Houey et al v. TD Bank, N.A.
ORDER granting 65 Motion for Summary Judgment and action is DISMISSED with prejudice. Signed by District Judge Martin Reidinger on 2/4/13. (Pro se litigant served by US Mail.) (ejb)
IN THE UNITED STATES DISTRICT COURT
FOR THE WESTERN DISTRICT OF NORTH CAROLINA
CIVIL CASE NO. 1:11cv225
HELEN CLIETTE HOUEYand
CAROLINA FIRST BANK, TD BANK,
THIS MATTER is before the Court on the Defendant’s Response to
the October 30, 2012 Order, Motion for Summary Judgment and
Incorporated Memorandum of Law [Doc. 65].
PROCEDURAL AND FACTUAL BACKGROUND
In August 2011, Plaintiffs Helen Cliette Houey (Helen) and Emmanuel
Houey (Emmanuel), appearing pro se, filed a thirty-seven page Complaint
in state court alleging eighteen causes of action against the Defendants.
The Houeys alleged $290,000.00 in damages stemming
primarily from the Defendants’ foreclosure of real property allegedly owned
solely by Helen in Shelby, North Carolina.1 [Id.]. The property at issue had
been pledged as collateral for a commercial promissory note. [Id.]. TD is
the successor by merger to Carolina First Bank and it removed the action
to this Court on September 8, 2011 on the basis of diversity and federal
question jurisdiction.2 [Doc. 1]. The property was sold at foreclosure on
February 28, 2012 to TD as the highest bidder. [Doc. 48]. The Deed was
recorded on April 9, 2012 in Book 1633 at Page 0573 in the Office of the
Register of Deeds of Cleveland County, North Carolina. [Id. at 2].
On March 5, 2012, Helen and Emmanuel filed a Chapter 13 Petition
in the United States Bankruptcy Court. [Doc. 49]. On August 10, 2012, this
Court ruled that the automatic stay provisions of 11 U.S.C. §362 do not
apply to this action and thus dismissed ten of the claims alleged in the
Complaint. [Doc. 49].
On September 12, 2012, Helen and Emmanuel
entered into a Consent Order in the United States Bankruptcy Court for the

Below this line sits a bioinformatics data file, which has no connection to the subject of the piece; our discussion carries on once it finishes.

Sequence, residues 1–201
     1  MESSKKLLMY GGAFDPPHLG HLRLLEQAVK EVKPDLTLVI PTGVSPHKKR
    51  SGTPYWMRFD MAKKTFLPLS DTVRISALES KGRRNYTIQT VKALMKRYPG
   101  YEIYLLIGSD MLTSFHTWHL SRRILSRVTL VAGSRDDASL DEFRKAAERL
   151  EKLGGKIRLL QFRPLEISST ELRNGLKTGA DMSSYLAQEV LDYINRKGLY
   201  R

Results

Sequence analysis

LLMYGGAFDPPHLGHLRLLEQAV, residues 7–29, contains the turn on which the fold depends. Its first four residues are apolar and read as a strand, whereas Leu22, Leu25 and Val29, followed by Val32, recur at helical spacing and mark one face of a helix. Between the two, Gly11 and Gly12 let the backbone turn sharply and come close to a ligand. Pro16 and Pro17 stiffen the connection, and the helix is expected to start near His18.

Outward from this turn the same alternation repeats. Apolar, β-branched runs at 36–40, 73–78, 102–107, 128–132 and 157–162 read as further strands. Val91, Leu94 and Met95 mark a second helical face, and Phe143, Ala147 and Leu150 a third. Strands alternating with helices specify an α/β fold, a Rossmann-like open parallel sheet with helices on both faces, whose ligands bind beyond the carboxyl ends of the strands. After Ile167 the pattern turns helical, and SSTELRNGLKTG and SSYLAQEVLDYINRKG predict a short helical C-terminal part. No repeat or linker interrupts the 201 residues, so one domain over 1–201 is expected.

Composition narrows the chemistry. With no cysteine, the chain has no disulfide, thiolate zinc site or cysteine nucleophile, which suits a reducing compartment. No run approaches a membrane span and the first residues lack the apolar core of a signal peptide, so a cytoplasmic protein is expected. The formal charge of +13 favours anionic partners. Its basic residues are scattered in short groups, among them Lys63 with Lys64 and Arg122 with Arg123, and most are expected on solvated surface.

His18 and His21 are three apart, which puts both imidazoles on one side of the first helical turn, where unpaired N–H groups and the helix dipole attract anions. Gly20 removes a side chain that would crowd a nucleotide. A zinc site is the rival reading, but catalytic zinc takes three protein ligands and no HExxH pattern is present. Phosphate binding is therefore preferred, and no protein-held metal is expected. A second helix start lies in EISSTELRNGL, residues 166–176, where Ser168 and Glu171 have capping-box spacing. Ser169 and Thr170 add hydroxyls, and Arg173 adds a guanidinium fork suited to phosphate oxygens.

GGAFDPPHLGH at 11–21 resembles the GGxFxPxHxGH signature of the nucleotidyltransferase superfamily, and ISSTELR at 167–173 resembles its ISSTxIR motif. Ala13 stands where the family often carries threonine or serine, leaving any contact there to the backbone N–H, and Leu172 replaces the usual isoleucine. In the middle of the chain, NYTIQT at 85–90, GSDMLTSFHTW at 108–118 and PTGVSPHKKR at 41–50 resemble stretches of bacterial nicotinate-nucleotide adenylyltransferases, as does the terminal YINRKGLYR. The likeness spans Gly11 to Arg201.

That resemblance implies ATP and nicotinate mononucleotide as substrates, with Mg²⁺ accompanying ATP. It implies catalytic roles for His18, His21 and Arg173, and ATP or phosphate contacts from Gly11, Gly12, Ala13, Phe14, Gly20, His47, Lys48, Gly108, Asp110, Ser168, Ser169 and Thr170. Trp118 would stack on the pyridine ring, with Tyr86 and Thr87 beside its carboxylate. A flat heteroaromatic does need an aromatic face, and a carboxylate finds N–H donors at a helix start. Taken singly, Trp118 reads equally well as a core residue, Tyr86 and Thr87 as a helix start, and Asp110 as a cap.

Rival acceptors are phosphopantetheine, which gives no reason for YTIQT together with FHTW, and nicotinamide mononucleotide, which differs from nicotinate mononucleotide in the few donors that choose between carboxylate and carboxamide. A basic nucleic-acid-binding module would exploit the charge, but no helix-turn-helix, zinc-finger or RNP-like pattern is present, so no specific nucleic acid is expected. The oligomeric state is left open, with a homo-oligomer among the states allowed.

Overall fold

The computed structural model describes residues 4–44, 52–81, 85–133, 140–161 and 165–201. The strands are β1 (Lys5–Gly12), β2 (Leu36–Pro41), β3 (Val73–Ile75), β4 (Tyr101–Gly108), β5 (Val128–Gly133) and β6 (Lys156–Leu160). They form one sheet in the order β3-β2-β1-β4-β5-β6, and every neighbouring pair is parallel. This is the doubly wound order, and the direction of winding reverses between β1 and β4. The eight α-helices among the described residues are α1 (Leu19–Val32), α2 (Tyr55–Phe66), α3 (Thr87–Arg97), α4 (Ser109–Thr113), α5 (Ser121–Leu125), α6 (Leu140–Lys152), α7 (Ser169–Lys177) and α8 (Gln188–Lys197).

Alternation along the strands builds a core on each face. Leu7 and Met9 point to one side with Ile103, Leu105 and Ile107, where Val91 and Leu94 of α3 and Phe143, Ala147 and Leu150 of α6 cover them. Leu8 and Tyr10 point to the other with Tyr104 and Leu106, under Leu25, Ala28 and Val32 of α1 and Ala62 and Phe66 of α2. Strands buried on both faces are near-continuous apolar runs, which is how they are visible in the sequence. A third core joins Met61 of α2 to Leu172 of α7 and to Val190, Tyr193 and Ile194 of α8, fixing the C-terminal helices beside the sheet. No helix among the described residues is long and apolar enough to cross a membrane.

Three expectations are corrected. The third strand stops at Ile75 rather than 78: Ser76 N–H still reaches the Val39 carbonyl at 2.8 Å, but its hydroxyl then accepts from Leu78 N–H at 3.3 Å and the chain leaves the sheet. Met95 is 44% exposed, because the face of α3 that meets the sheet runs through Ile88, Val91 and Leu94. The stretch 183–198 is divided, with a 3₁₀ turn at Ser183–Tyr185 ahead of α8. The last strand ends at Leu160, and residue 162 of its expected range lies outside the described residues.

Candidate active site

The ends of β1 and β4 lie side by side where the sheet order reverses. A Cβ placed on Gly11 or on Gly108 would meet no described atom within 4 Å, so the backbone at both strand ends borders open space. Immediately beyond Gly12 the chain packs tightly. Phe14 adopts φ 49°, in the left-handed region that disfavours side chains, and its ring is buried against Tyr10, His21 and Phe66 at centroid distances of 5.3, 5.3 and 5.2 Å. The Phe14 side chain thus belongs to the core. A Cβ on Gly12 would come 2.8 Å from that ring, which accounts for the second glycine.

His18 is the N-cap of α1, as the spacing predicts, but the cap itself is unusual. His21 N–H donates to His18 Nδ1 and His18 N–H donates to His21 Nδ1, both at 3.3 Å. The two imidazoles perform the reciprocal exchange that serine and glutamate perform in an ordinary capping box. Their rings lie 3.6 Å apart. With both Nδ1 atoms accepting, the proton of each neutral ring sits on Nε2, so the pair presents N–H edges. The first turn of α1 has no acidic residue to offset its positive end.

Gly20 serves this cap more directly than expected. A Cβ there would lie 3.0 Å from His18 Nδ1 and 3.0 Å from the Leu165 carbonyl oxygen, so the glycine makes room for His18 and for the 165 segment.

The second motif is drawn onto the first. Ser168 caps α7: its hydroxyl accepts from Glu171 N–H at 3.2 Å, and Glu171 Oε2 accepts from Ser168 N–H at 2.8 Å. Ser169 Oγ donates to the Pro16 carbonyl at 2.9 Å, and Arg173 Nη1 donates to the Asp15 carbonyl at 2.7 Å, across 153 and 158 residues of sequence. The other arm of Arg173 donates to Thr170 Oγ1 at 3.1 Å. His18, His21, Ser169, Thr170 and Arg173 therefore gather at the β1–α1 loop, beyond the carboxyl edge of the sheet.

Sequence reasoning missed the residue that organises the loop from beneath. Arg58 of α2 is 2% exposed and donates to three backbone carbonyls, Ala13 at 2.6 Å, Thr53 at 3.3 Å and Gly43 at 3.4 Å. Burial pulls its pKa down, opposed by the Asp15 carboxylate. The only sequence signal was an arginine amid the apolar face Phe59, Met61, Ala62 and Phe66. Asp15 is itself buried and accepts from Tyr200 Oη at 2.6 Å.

Western District of North Carolina. [Doc. 56-1 at 2]. In that Order, they
agreed “[t]hat the automatic stay [had not] been applicable to the real
Emmanuel Houey has never appeared in this action although his name appears on the
caption. It is also undisputed that he did not own the property which is the subject
matter of this action.
The Court hereafter refers to the Defendants in the singular since TD has succeeded to
all interest of Carolina First Bank.
property [at issue] and TD Bank’s foreclosure of that property is complete
and valid.” [Id. at 3].
As a result, this Court ordered the parties to respond as to whether
that Order negated any claim alleged in this action. [Doc. 63]. Helen and
Emmanuel failed to file any response. TD moved for summary judgment.
As result, the Plaintiffs were provided notice pursuant to
Roseboro v. Garrison, 528 F.2d 309 (4th Cir. 1975), of the burden faced in
opposing a motion for summary judgment. [Doc. 67].
On January 2, 2013, Helen filed two motions for an extension of time
within which to respond to the Motion for Summary Judgment. [Doc. 68;
Doc. 69]. Emmanuel made no appearance whatsoever. On January 11,
2013, the Magistrate Judge extended the time within which the Plaintiffs
could respond to February 1, 2013. [Doc. 70]. No response to the motion